Seriously, that thing is crazy, right? And you'll never guess who it's supposed to be:
Casper the Friendly Ghost!
We drove as far as we could in one day, stayed in a hotel that we got a coupon for out of one of those coupon books that you get from visitor's centers at the borders of states (I LOVE those places--we always stop at them, and the girls and I collect dozens of brochures to pore over in longing to visit the Cabbage Patch Museum, or the Coca-Cola factory, or some Six Flags or other), swam and ate the hotel's free continental breakfast in the morning and were STILL out of there by 10:00 am, and were safely checked into our condo in Orlando by 2:30 pm.
I'd planned this early afternoon arrival so that we'd have plenty of time to grocery shop, pick up our park tickets, and get to bed nice and early, but since the girls and I had spent so much time studying Africa last spring, one of the things that I'd REALLY wanted to do and so reserved a table and budgeted for was to eat at Boma, the African-themed restaurant at the Animal Kingdom Lodge on the WDW property. There isn't an African-themed restaurant in our hometown (there IS one in Indianapolis, an Ethiopian restaurant, but I'm the only one in the family who's eaten there), so this was kind of the last remaining thing to do on my list of unit study activities for Africa.
The Animal Kingdom Lodge itself is also nice to sightsee in on a day when you can't go to Disney, because it's immense, full of African museum pieces, has docents and interpreters and demonstrations and hands-on tables, and has a backyard that abuts a savanna of herbivores--we spied ostriches, and giraffes, and zebras, and various other hoofed little guys while walking around and stretching our legs, waiting for our reservation. The girls ran and ran and ran around, barely able to take anything in because of their excitement, and that still counted as good behavior in this place just full of families.
We had the earliest dinner reservation in Boma, so although we had to wait a bit for the restaurant to open (in both of the other restaurants that we ate at in WDW, we were seated early when we arrived early), we entered the restaurant through a line of drummers on one side and clapping waitstaff on the other side--it was both super-cool, and over after just a few minutes, so that only the first few families got to experience it.
As I write about our days in WDW, I am going to constantly bemoan the indoor lighting--it's unilaterally dim, and in some popular places seems designed so that only the WDW Photopass photographers, with their extra-bright on-camera flashes, get good photos--and because the rotten lighting often turned me off I was surprised that I came home with fewer photos than I'd anticipated. I bemoan the lighting here, as well, but the food was so amazing that I took photos of it anyway.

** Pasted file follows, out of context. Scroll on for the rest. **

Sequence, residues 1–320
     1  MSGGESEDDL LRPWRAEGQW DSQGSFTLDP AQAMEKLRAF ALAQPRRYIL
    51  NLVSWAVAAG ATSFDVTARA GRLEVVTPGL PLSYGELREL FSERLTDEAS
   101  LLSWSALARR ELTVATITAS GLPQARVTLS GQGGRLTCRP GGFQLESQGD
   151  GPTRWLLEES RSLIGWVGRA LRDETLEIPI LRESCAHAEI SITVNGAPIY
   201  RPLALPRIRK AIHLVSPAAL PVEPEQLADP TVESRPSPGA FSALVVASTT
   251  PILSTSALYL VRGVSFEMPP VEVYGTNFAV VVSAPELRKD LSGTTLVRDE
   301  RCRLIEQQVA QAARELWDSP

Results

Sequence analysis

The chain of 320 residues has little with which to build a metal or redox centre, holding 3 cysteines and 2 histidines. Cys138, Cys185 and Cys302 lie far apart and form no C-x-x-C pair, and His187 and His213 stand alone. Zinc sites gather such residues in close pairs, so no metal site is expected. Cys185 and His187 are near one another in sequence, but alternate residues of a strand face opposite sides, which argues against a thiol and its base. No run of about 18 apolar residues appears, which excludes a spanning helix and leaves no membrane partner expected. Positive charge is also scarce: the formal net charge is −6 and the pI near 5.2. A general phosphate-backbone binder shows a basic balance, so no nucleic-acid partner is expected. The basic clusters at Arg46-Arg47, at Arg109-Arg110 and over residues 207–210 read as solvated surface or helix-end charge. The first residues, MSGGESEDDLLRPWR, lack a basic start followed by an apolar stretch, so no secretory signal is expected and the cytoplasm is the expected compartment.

Boma is set up as a buffet--good for picky eaters, and also good for tasting every single thing on the menu, nearly none of which I'd ever tasted before. Here we have watermelon rind salad, salad with jicama and apples, fruit, curried pasta salad, couscous with raisins and apples, and, my new most favorite food ever, coconut rice:
Here we have fufu, bobotie, salmon with pistachios, flatbread with two different kinds of hummus, veggies, more coconut rice (NOM!), and in the background to the left, a zebra dome containing rum-soaked cake:
It probably wasn't the perfect day to visit a buffet restaurant--I tasted a lot, and got super-excited over our paper straws, but after two days of sitting in the car I wasn't really hungry, and I don't know if the girls ate ten bites between them (fortunately, although I have MANY flaws, one of my gifts as a parent is that I don't care what/if my kids eat, as long as they're offered healthy foods at conventional mealtimes)--but it was the only day that worked into our schedule, and Matt and I had a ball, anyway. As our WDW days went by, I did become extra grateful that I didn't pay for or try to finagle my way into a Disney Dining Plan, since because of the hot days and, I suppose, nonintuitively because of how tired we always were from all the walking, none of us had much of an appetite, and I can't imagine that we'd have made use of all the food that the dining plan gives you. Picking at sandwiches, eating up all our chips, and enjoying a mid-afternoon ice cream was plenty for us on our park days.
At a Publix on the way back to the condo, we bought frozen pizzas, Hot Pockets (I can't stand them, but Matt and the girls just adore them, ick, and they did turn out to be a much more practical breakfast choice than the cereal and oatmeal that I'd brought, since they could be eaten in the car on the way to the parks), frozen margarita pouches (ahem) and frozen fries and chicken strips. Then we swam, put the kids to bed, soaked in our jetted tub, watched cable, and went to bed early with the alarm set for our day in Hollywood Studios!